Lying at the crossroads of Europe and Asia where East meets West, and with a long and eclectic history, Turkey has become a cultural melting pot, all of which is reflected in its food, nightlife and shopping. Expect to find traditional wholesome food being served alongside modern, contemporary cuisine. After spending an hour watching Turkish folk dancing, you can strut your stuff all night on the dancefloor. And while on the hunt for souvenirs, you can browse Byzantine boutiques before heading next door to a designer store. Turkey really is a country of fascinating contrasts.
Turkey is situated on the Anatolian peninsula in Western Asia with roughly three percent of Turkey’s land area also being located in south-eastern Europe. It shares a border with Greece and Bulgaria to the north, Georgia, Armenia and Azerbaijan to the north-east, Iran to the east, Iraq to the south-east and Syria to the south. The country also shares a coastline with three seas; Black Sea to the north, Mediterranean Sea to the south and the Aegean Sea to the west. Turkey has a land area of 783, 562 square km and the capital city is Ankara.
Turkey is home to several airports, however, Istanbul (IST), Istanbul Sabiha Gokcen (SAW) and Antalya (AYT) are the three main and busiest airports in the country.
The average flight time from London to Turkey is three hours and 45 minutes. We offer direct flights from many airports across the UK. Speak to one our experienced sales members to explore all your flight options.
The best time to visit Turkey depends on what you want to achieve from your holiday and what activities you wish to participate in. If you want warm weather and reasonable prices, without the hassle of crowds then April to June is the ideal time to visit. This is the perfect time for sightseeing and hiking. Alternatively, if you want a lazy holiday spent sunbathing around the pool and at the beach, partnered with hot weather and glorious sunshine then mid-June to August is the perfect time to visit Turkey. This is Turkey’s peak season so be prepared for plenty of crowds and higher prices compared to other times of the year.
You simply must try the food here - Turkish cuisine beautifully blends Asian, African and Balkan flavours for a party in your mouth! Some of our absolute favourites are manti, little lamb or beef stuffed dumplings covered in spicy sauce or kumpir, a baked potato full of whipped butter and cheese topped meats, vegetables and sauces. A good way to sample many of the dishes is to try a fish or meat meze which is a collection of small bite-size tasters, showcasing the best tastes on offer. We also enjoy lahmacun which is the Turkish take on pizza, minus the cheese. And oh my, save room for the sweets! Baklava and Turkish delight, which always taste better in their home country.
Not surprisingly, given its rich history, Turkish drinks have earned global popularity and are enjoyed far beyond the country's modern borders. Traditional beverages continue to play a significant role in Turkish culture and daily life, offering a range to satisfy every palate. The top favourites include strong coffee, boiled rather than brewed, and hot sweet tea served in tulip-shaped glasses. Ayran, a yogurt-based drink, is a common accompaniment to meat dishes, especially kebabs. For anyone who enjoys an alcoholic drink, options like boza—an ancient fermented beverage made from grain—or raki—a potent spirit crafted from a blend of white grapes and anise seeds—are popular choices. Just a heads-up, raki is not for the faint-hearted.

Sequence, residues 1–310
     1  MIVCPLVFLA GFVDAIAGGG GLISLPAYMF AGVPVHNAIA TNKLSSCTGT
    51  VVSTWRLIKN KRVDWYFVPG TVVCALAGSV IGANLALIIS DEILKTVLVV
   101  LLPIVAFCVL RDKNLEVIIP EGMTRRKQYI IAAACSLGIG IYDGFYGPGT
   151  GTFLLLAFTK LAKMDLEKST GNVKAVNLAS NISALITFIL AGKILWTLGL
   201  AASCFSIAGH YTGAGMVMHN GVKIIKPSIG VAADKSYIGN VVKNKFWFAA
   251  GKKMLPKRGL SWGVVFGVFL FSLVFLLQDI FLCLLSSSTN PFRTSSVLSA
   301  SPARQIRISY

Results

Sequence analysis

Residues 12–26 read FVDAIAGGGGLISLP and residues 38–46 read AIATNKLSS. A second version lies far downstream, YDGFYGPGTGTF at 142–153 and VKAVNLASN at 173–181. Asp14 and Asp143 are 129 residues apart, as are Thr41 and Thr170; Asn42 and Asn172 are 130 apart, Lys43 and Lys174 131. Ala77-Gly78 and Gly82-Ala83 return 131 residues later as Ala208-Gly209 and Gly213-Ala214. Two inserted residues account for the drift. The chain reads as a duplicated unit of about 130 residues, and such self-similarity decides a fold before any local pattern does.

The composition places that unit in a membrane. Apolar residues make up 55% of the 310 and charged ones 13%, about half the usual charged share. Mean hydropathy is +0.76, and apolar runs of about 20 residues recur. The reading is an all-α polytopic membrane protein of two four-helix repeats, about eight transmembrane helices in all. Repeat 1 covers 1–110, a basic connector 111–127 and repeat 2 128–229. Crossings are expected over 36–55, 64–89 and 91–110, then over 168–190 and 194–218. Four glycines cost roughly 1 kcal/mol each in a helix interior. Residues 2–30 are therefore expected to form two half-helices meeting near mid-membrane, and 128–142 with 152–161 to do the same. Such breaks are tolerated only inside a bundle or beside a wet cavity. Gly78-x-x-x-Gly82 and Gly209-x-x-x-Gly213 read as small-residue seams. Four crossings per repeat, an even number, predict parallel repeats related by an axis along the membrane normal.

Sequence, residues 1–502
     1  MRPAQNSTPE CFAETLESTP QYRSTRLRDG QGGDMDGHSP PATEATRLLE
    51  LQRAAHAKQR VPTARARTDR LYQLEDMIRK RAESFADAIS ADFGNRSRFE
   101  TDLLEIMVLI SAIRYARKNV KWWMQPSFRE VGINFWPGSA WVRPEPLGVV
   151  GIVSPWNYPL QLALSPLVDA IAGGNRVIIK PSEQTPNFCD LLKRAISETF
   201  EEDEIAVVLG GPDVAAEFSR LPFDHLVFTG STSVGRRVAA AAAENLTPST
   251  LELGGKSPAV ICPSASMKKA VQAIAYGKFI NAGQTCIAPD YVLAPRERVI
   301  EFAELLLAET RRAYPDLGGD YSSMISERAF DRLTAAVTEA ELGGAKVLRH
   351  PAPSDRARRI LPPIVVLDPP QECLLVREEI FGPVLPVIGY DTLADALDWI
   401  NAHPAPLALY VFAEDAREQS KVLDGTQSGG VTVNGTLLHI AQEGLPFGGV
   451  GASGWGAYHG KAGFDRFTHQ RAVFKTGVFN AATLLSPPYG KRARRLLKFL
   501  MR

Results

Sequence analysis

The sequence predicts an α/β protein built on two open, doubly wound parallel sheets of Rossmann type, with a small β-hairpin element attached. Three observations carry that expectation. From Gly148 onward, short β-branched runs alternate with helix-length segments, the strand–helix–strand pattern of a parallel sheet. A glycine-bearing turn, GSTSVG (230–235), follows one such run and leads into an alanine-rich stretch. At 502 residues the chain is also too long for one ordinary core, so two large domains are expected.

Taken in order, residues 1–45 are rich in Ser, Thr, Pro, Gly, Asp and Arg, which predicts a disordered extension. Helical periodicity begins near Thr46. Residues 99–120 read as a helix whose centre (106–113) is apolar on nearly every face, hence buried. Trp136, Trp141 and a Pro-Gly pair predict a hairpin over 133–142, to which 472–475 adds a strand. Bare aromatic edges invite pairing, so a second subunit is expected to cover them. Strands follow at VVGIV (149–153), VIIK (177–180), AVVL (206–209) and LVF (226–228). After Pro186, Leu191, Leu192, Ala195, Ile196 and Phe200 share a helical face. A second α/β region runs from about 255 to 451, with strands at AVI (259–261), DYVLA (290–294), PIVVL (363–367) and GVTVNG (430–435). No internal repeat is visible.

Turkey, under the guise of the Ottoman Empire, ruled vast swathes of Europe, the Middle East, Asia and Africa and this is reflected in its musical and dance culture. Turkish music is defined by its melodic tones and is famous for reflecting daily life and raising social issues. As most of the population was nomadic, musical instruments had to be portable such as the small, plucked lute-type saz and stringed kermancha, as well as drums and tambourines. Not surprisingly Turkish traditional dance also reflects its varied past and consists of rhythmic, flashy and sometimes dramatic components. Typical examples are Cifeteelli where women dance whilst playing string and wind instruments, Halay which involves people dancing linked at the arms and Horon involving coordinated foot strokes as arms and knees are held in the air.
Turkish people follow and participate in many sports, but by far the most popular is football. Football has historically always had a passionate fan base, but things really took off after the FIFA World Cup of 2002 when Turkey finished third. Other sports with strong followings include basketball, volleyball, handball and athletics. However, the title of the Turkish National Sport goes to oil wrestling. Dating back some 4,500 years, this traditional sport requires great skill and strength as wrestlers covered in grease or oil attempt to grab hold of each other. Motorsports are also now gaining an increased interest among the local population especially since the introduction of the Turkish Grand Prix to the racing calendar.
Shopping opportunities in Turkey are both varied and abundant. You can choose between modern, air-conditioned malls offering designer brands or explore traditional markets, bazaars and backstreet vendors where you will be presented with a dazzling selection of carpets, leather and copper goods, jewellery, glassware, souvenirs and of course those all-important bargains, ‘genuine fakes’. In our opinion, it is the markets and bazaars that provide the best Turkish shopping experience. Forget the stresses of daily life and allow yourself to be immersed in the bright-coloured stalls and heady smells of exotic spices. Join in with the fun and expect to be enticed into small shops by over-exuberant shopkeepers offering Turkish tea as a bribe and promising out-of-this-world bargain prices that will no doubt ruin his family and his business.